Louisville announces postseason ban for men’s basketball
Louisville, Ky. — Louisville has announced a one-year postseason ban for its men’s basketball team amid ongoing investigations into a sex scandal in which an escort alleged that a former staffer paid her and other dancers to strip and have sex with recruits and players.
University President James Ramsey said Friday at a news conference that an investigation by the school has revealed that some violations did occur. Ramsey said the ban is for all postseason tournaments, including the NCAA and the Atlantic Coast Conference tournaments.
Ramsey said he received the latest results of the investigation on Thursday, but noted the review of the allegation is continuing.
“We found out yesterday that we had a problem,” said athletic director Tom Jurich, adding that university wanted to deal with the findings as quickly as possible.
Men’s basketball coach Rick Pitino was stunned by the university’s decision.
“This is a punishment I never thought would have happened this season,” said Pitino, who also attended the news conference with Ramsey, Jurich and former NCAA investigator Chuck Smrt. “This is as harsh as anything I’ve ever seen in college basketball.”
The Cardinals (18-4, 7-2 ACC) are currently are ranked No. 19 and scheduled to play Boston College on Saturday. They would have been a lock for a tournament berth if they had not won the league title.
The 63-year-old Pitino has denied knowledge of allegations in a book by Katina Powell that former director of men’s basketball operations Andre McGee paid $10,000 for 22 shows performed by her and other strippers, including three of her daughters.
Powell’s allegations in her tell-all book rocked the Louisville community and led to four separate investigations into Pitino’s program.
Louisville notified the NCAA about the allegations in late August and immediately launched its own investigation. The athletic department hired Smrt of The Compliance Group to look into the allegations.
Smrt said Friday that the action taken by the university is “a very significant step” considering the investigation is ongoing.
Within a week following the book’s initial release, campus police chief Wayne Hall announced that his department would work with Louisville Metro Police and the Commonwealth’s Attorney’s Office to review the allegations for possible criminal conduct. The University of Louisville Foundation announced the hiring of a law firm to review the allegations two days later.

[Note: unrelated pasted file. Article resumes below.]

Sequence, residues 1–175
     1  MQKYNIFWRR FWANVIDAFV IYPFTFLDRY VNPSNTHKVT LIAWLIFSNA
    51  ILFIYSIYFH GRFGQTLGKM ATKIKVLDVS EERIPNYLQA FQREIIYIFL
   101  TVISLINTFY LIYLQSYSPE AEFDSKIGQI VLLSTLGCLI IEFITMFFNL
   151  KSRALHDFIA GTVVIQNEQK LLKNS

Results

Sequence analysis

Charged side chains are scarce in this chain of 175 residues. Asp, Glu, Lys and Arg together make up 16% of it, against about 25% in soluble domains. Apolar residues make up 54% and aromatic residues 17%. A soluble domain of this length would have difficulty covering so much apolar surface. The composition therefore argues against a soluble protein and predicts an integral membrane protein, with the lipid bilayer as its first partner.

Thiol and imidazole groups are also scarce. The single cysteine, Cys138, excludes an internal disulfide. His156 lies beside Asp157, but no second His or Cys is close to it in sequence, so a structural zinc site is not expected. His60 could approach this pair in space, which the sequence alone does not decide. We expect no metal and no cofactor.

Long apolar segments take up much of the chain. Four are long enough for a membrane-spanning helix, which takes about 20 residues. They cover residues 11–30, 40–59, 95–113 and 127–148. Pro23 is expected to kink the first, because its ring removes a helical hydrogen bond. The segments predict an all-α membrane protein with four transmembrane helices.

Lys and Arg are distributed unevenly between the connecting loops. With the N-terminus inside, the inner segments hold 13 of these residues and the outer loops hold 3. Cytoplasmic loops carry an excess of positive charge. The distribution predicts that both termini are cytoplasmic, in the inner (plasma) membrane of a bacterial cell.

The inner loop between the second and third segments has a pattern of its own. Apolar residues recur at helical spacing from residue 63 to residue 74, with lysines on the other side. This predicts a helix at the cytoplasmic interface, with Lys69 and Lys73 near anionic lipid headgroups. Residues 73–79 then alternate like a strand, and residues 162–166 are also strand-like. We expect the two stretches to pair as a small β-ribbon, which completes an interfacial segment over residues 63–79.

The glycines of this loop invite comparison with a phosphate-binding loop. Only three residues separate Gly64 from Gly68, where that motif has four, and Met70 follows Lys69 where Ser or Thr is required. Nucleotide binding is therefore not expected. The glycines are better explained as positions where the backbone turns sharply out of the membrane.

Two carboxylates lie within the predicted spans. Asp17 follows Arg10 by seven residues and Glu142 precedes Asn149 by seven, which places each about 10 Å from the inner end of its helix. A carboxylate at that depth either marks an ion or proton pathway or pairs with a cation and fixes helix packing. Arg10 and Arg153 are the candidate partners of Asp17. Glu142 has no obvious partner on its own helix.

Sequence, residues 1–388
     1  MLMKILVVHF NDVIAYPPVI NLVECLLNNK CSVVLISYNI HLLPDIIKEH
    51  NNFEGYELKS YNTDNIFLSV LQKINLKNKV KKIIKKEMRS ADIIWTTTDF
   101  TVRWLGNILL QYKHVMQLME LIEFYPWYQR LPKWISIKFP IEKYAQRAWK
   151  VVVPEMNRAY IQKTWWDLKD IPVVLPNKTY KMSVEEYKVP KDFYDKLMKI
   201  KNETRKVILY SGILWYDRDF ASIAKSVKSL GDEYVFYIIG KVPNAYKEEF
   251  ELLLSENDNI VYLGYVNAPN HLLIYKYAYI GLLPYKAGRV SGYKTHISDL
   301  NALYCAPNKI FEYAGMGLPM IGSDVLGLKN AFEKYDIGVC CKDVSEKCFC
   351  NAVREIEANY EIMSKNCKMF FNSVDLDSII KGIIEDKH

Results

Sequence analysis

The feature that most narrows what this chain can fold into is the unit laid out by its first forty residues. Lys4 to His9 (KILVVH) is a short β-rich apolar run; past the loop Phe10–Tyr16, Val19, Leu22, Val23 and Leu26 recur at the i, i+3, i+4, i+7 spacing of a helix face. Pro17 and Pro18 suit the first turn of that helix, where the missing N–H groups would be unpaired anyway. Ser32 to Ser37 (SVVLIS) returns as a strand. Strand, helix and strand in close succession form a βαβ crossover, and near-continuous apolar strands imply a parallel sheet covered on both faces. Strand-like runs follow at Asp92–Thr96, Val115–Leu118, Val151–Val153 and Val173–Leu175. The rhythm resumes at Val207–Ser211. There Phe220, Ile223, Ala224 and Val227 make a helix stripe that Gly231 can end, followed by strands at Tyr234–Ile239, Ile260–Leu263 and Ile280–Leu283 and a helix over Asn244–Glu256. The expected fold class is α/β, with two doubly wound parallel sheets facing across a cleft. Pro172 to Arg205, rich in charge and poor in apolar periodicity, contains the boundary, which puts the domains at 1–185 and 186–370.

Powell’s book, “Breaking Cardinal Rules: Basketball and the Escort Queen” was released online Oct. 3 and in hardcover 17 days later. On Oct. 20, Powell said in interviews with ESPN’s “Outside The Lines” that she had no proof that Pitino knew about the shows that took place in the players’ Billy Minardi Hall dormitory from 2010-14.
But Powell said that with “a boatload” of recruits and dancers, “loud music, alcohol, security, cameras” in a campus dormitory, “how could Rick not know?”
The NCAA hasn’t accepted coaches’ explanations that they didn’t know about violations or illegal activities. The sports’ governing body has at times viewed ignorance as a sign of lack of institutional control in penalizing programs.
College athletics’ governing body has recently cited Hall of Famers such as Syracuse’s Jim Boeheim and SMU’s Larry Brown, suspending both coaches nine games each for violations they contended occurred outside of their view.
Powell has said many of the shows took place in the players’ Billy Minardi Hall dormitory, which Pitino named after his late brother-in-law who was killed in the Sept. 11, 2001 terrorist attacks on the World Trade Center.
Powell wrote that McGee paid her $10,000 plus tips during that period for her and dancers to strip and have sex with Louisville recruits and some of their fathers, along with some Cardinals players.
Pitino said McGee denied the allegations when brought to his attention in August, and he said other assistants weren’t aware of the activities described in the 104-page book.
As successful as the defense-minded Pitino has been at winning college basketball games, he has also been at the center of some embarrassing episodes of sexual misconduct.
The first occurred in 2010 when Karen Sypher, the ex-wife of former assistant Tim Sypher, was convicted of trying to extort money from Pitino to keep secret their 2003 tryst on a restaurant table. She is serving a seven-year sentence for the crime in a Florida prison.
Last February, Pitino dismissed senior guard Chris Jones from the team just before his arrest for rape and sodomy of two women in a campus dorm. A grand jury declined to indict Jones and two other men in the incident.
The same year that Sypher was convicted, McGee allegedly had begun hiring Powell to dance for recruits. McGee left the program in 2014 to become an assistant at Missouri-Kansas City, which placed him on paid administrative leave on Oct. 2